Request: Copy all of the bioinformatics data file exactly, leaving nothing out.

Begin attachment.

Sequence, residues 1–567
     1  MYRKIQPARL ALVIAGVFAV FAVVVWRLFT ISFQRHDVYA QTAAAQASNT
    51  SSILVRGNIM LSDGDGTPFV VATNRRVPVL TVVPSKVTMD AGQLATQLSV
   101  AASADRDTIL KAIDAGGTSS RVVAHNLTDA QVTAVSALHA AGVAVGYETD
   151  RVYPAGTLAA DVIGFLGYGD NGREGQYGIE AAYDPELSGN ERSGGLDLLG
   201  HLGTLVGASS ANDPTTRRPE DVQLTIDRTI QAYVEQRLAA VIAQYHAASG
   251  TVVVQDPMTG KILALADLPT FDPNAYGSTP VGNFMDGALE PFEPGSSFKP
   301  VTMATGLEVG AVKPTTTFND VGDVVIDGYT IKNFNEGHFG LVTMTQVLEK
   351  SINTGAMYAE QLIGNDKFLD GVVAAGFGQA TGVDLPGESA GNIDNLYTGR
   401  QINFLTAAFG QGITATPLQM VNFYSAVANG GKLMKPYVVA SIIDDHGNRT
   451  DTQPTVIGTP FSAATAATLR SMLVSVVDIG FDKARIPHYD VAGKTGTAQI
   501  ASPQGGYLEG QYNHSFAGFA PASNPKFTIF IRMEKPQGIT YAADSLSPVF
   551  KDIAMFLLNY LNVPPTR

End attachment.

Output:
Sequence, residues 1–567
     1  MYRKIQPARL ALVIAGVFAV FAVVVWRLFT ISFQRHDVYA QTAAAQASNT
    51  SSILVRGNIM LSDGDGTPFV VATNRRVPVL TVVPSKVTMD AGQLATQLSV
   101  AASADRDTIL KAIDAGGTSS RVVAHNLTDA QVTAVSALHA AGVAVGYETD
   151  RVYPAGTLAA DVIGFLGYGD NGREGQYGIE AAYDPELSGN ERSGGLDLLG
   201  HLGTLVGASS ANDPTTRRPE DVQLTIDRTI QAYVEQRLAA VIAQYHAASG
   251  TVVVQDPMTG KILALADLPT FDPNAYGSTP VGNFMDGALE PFEPGSSFKP
   301  VTMATGLEVG AVKPTTTFND VGDVVIDGYT IKNFNEGHFG LVTMTQVLEK
   351  SINTGAMYAE QLIGNDKFLD GVVAAGFGQA TGVDLPGESA GNIDNLYTGR
   401  QINFLTAAFG QGITATPLQM VNFYSAVANG GKLMKPYVVA SIIDDHGNRT
   451  DTQPTVIGTP FSAATAATLR SMLVSVVDIG FDKARIPHYD VAGKTGTAQI
   501  ASPQGGYLEG QYNHSFAGFA PASNPKFTIF IRMEKPQGIT YAADSLSPVF
   551  KDIAMFLLNY LNVPPTR